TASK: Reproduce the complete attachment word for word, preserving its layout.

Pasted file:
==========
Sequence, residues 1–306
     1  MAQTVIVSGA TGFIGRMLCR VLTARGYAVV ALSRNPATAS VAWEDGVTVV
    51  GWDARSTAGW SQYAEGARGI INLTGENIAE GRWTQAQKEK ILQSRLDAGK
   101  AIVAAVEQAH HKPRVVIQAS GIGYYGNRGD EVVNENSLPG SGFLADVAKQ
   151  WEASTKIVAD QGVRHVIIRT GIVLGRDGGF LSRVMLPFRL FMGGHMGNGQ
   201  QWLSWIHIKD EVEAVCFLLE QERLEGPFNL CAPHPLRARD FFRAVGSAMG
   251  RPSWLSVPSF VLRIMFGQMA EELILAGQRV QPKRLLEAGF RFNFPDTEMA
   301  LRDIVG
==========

Sequence, residues 1–306
     1  MAQTVIVSGA TGFIGRMLCR VLTARGYAVV ALSRNPATAS VAWEDGVTVV
    51  GWDARSTAGW SQYAEGARGI INLTGENIAE GRWTQAQKEK ILQSRLDAGK
   101  AIVAAVEQAH HKPRVVIQAS GIGYYGNRGD EVVNENSLPG SGFLADVAKQ
   151  WEASTKIVAD QGVRHVIIRT GIVLGRDGGF LSRVMLPFRL FMGGHMGNGQ
   201  QWLSWIHIKD EVEAVCFLLE QERLEGPFNL CAPHPLRARD FFRAVGSAMG
   251  RPSWLSVPSF VLRIMFGQMA EELILAGQRV QPKRLLEAGF RFNFPDTEMA
   301  LRDIVG